When a protest turns into a riot, law enforcement agencies are often forced to use tear gas to disperse the crowds. Sometimes referred to as lachrymatory agent, the use of the chemical weapon in demonstrations has been condemned by human rights organizations. However, it remains the go-to riot control agent in many countries. Everyone knows that tear gas makes your eyes watery while causing sneezing and difficulty breathing. However, there are more facts about the riot control agent that you probably don’t know. Here are some of them.

1. Tear Gas is Not a Gas

The most common misconception about tear gas is that it’s a form of gas; it’s not! Instead, it’s a pressurized chemical powder packaged in grenades, canisters, or sprays and turns into a mist when deployed.

2. It is Possible to Build Resistance to Tear Gas

Majority of the population is extremely sensitive to tear gas. However, there are a few veterans, such as army troops, who have built up a degree of tolerance to the chemicals in tear gas. Also, people living in areas that experience frequent riots can build up a tolerance to the chemicals.

This is the same mechanism that applies to being tolerant of spicy food. Medical experts are convinced genetics can also contribute to the phenomenon. For instance, people of East Asian descent are naturally tolerant of tear gas.

3. The US Presidential State Car has a Tear Gas Cannon

Popularly known as the Beast, the United States Presidential State Car has many safety features, including a tear gas dispenser. It is used to disperse crowds that may forcefully want to come closer to the president’s car.

4. Loukanikos, A Famous Riot Greek Dog, Died Due to Teargas Ingestion

During the height of the 2011 financial riots in Greece, Loukanikos, a ginger mongrel, demonstrated alongside other protesters. While confronting the police in the streets of Athens, Loukanikos was teargassed, too. Unfortunately, this led to his untimely death when he was just ten years old.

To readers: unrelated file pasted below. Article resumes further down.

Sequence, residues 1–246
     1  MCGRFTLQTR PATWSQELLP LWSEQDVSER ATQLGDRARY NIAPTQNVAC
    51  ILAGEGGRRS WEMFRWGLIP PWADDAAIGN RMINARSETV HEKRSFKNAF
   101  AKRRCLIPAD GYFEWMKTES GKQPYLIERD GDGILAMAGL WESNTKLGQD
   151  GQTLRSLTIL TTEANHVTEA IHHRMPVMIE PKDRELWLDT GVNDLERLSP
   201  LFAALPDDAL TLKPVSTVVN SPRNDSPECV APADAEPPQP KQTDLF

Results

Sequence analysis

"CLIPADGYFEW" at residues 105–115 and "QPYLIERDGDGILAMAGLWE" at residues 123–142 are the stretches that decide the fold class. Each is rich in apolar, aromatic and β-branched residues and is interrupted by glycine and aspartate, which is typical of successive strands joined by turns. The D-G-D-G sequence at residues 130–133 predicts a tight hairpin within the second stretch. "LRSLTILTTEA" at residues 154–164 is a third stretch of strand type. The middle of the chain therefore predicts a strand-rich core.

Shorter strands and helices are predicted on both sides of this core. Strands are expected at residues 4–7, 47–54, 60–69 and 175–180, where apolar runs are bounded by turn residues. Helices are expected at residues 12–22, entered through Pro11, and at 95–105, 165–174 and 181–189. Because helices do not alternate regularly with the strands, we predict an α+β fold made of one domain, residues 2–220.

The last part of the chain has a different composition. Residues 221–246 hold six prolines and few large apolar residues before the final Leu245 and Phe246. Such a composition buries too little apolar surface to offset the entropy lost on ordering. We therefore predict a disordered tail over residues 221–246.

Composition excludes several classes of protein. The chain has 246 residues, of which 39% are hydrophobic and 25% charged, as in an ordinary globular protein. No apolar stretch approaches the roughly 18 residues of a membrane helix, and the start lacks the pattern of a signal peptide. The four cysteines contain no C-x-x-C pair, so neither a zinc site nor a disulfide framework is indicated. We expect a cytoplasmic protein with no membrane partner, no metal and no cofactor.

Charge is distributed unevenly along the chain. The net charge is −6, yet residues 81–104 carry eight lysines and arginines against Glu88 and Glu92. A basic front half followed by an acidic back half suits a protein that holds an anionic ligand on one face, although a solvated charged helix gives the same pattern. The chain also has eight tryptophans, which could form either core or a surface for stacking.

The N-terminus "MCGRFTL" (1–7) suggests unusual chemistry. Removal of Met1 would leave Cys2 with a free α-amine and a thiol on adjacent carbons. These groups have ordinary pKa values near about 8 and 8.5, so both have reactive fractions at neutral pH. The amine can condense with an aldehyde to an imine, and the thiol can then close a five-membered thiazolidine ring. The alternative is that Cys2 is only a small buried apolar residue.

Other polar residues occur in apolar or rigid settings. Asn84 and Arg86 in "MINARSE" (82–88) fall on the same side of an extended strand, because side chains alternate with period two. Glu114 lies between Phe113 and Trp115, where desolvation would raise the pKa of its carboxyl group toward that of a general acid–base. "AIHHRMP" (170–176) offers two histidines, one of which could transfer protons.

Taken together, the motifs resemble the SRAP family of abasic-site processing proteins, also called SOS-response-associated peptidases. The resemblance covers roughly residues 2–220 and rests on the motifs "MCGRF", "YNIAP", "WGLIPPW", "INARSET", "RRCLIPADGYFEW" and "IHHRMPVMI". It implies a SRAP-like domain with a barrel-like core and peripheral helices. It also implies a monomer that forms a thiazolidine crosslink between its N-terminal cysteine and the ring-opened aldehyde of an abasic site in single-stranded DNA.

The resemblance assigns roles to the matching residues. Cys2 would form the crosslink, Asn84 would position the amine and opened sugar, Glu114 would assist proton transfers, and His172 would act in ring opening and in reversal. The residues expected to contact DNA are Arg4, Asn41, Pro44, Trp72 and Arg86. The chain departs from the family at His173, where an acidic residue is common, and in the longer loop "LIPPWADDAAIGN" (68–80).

5. Tear Gas Caused One of the Worst Football/Soccer Stadium Disasters

On May 24, 1964, Peruvian fans invaded the Estadio Nacional when a referee made an unfavorable decision during their match with Argentina. This forced the authorities to shoot tear gas canisters in the air, leading to a mass exodus from the stadium. Three hundred twenty-eight people died, and more were injured.

6. The Geneva Protocol of 1925 Prohibited the Use of Tear Gas

A few years after its invention, the Geneva Protocol of 1925 prohibited the military from using asphyxiating gas and other gasses, which included tear gas. However, law enforcement officers continue to use the chemical weapon to disperse riots about a century later.

7. Tear Gas was “Normal” in the Beatles Earlier Concerts

When performing, the Beatles, an English rock band formed in Liverpool in 1960, had to deal with violent fans who would enjoy throwing tear gas into the crowd. Brawls and all manners of chaos were very common amongst Beatles fans.